9. The electric powertrain of claim 1, further including a controller operable to:
set the DC motor/generator to act as a DC motor; and
set the DC motor/generator to act as a DC generator.
10. The electric powertrain of claim 1, further including a connection to an off-board DC power source, the connection operable to receive DC power from the off-board DC power source to supplement the generated DC power.
11. The electric powertrain of claim 10, wherein the DC motor/generator is further operable to convert at least a portion of the DC power received from the off-board DC power source to at least a portion of the second mechanical power output.
12. An electric powertrain for use with an engine and a traction device, comprising:
a motor/generator configured to:
receive at least a portion of a first mechanical output from the engine and produce a power output; and
receive power and produce a second mechanical output;
a drivetrain configured to:
receive the power output and use the power output to drive the traction devices; and
generate power when the traction device is operated in a dynamic braking mode;
an alternator configured to receive a portion of the first mechanical output and produce an AC power output; and
a rectifier connected to the alternator, the rectifier being configured to convert the AC power output to a DC power output combinable with the power output of the motor/generator, wherein:
the engine is rated to produce a first amount of mechanical power and to receive a second amount of mechanical power, the second amount of mechanical power being less than the first amount of mechanical power;
the motor/generator has a capacity corresponding to the second amount of mechanical power; and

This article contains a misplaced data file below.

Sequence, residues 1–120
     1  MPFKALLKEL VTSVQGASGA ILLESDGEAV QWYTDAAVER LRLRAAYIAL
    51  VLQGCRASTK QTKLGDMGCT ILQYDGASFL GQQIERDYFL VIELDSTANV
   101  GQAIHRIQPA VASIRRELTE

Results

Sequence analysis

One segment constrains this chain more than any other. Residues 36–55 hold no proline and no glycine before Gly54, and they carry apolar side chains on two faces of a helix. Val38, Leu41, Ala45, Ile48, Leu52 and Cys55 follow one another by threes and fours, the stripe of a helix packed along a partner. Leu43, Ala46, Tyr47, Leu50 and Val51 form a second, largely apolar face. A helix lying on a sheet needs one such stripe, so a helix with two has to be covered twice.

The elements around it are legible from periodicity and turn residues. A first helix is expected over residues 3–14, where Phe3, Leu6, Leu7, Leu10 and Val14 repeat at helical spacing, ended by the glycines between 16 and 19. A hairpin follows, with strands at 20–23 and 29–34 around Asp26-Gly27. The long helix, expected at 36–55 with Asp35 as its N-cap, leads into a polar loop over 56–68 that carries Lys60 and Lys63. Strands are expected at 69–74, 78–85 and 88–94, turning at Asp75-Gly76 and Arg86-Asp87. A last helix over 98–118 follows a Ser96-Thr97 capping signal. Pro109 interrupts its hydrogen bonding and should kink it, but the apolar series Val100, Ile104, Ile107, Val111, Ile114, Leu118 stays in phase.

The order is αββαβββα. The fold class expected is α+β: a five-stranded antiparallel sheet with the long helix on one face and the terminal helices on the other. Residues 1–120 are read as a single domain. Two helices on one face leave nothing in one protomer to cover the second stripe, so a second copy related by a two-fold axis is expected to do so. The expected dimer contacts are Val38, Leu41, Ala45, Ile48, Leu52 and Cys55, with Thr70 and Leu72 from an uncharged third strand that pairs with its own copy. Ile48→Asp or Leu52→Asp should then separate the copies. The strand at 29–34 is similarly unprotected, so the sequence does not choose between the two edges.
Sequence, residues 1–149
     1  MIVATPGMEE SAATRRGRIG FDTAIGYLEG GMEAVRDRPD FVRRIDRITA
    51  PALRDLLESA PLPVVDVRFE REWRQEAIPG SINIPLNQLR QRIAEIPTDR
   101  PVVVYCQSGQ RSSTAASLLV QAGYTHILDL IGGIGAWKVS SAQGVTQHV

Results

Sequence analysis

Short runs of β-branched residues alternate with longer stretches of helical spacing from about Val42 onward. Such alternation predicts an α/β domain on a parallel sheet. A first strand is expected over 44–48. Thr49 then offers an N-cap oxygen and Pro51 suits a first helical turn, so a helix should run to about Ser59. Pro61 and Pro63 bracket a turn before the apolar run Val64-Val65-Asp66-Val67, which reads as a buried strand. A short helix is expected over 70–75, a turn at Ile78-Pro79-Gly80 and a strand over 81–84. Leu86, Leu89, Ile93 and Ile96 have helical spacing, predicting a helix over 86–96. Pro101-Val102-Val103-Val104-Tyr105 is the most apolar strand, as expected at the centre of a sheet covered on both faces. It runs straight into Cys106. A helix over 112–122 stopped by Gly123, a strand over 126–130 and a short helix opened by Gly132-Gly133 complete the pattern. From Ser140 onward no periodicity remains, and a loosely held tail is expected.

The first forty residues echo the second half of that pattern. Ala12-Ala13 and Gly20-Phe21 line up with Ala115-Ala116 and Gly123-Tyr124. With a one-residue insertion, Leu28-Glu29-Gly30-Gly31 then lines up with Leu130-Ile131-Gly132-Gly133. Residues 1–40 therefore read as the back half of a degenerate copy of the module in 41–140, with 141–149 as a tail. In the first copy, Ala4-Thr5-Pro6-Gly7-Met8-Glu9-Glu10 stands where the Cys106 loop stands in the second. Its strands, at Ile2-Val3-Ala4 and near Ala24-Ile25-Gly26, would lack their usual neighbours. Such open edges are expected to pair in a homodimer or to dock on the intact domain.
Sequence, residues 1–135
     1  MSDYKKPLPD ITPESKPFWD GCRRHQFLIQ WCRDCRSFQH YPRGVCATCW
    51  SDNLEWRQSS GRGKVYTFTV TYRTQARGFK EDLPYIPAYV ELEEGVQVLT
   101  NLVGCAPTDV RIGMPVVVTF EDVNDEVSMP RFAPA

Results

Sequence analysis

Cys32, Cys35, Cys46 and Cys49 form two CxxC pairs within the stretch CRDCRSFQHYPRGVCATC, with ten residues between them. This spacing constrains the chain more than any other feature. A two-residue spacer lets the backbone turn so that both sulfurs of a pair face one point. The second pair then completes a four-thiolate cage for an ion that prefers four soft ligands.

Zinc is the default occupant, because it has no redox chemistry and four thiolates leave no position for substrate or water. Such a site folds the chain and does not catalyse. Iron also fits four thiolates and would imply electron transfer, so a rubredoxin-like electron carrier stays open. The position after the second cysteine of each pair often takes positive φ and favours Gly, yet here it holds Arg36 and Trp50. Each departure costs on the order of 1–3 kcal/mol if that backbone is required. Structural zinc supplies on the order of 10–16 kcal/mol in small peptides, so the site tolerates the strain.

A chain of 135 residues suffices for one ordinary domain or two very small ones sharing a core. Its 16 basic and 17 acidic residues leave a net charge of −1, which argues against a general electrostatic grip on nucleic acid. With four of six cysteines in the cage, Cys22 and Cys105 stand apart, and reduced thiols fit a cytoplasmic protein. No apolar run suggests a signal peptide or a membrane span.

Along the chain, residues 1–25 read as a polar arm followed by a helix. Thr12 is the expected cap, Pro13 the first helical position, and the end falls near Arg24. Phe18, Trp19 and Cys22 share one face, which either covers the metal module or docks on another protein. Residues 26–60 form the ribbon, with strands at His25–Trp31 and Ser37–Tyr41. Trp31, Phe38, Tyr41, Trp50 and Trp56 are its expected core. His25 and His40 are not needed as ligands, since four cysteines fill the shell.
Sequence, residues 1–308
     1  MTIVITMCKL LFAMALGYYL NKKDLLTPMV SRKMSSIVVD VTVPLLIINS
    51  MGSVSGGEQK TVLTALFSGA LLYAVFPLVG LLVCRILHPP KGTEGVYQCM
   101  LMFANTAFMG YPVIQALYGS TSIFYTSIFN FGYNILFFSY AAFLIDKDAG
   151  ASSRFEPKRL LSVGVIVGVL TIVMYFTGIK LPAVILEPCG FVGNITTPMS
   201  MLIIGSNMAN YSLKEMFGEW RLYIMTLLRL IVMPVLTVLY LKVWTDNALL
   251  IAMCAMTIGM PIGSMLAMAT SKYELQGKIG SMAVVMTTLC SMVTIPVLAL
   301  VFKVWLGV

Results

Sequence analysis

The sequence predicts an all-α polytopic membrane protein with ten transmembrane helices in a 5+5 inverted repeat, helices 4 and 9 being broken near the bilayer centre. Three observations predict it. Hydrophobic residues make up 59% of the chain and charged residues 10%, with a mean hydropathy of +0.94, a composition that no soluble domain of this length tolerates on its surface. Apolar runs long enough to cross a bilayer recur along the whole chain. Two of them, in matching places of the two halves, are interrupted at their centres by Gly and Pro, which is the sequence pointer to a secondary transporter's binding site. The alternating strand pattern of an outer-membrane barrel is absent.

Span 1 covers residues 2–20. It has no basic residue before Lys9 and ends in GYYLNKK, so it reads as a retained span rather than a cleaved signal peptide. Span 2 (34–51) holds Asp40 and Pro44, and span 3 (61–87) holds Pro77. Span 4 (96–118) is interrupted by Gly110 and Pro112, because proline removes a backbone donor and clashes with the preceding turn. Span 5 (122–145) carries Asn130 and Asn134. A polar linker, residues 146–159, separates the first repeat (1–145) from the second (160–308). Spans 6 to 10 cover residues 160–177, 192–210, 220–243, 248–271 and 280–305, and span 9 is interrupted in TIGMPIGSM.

the alternator has a capacity corresponding to a difference between the first and second amounts of mechanical power.
13. The electric powertrain of claim 12, wherein the capacity of the alternator further corresponds to a frequency of the portion of the first mechanical output delivered to the alternator.
14. An electric powertrain for use with an engine and a traction device, comprising:
a DC motor/generator configured to receive at least a portion of a first mechanical output from the engine and produce a DC power output, and to receive DC power and produce a second mechanical output;
at least one AC traction motor operable to act as an AC motor and an AC generator;
a bidirectional power converter coupled between the DC motor/generator and the at least one AC traction motor, the bidirectional power converter being operable to act as an inverter and a rectifier to receive the DC power output from the DC motor/generator and use the DC power output to drive the at least one traction motor, and to generate DC power directed to the DC motor/generator when the at least one AC traction motor is operated in a dynamic braking mode; and
an AC alternator operable to receive a portion of the first mechanical output and produce an AC power output, wherein:
the engine is rated to produce a first amount of mechanical power and to receive a second amount of mechanical power, the second amount of mechanical power being less than the first amount of mechanical power;
the DC motor/generator has a capacity corresponding to the second amount of mechanical power; and
the alternator has a capacity corresponding to a difference between the first and second amounts of mechanical power.
15. The electric powertrain of claim 14, further including a braking grid operable to dissipate as heat a portion of the DC power generated by the bidirectional power converter.
16. The electric powertrain of claim 15, further including a chopper operable to control an amount of DC power dissipated by the braking grid.
17. The electric powertrain of claim 14, further including:
a rectifier coupled with the AC alternator, the rectifier being operable to convert the AC power output to a DC power output combinable with the DC power output of the DC motor/generator.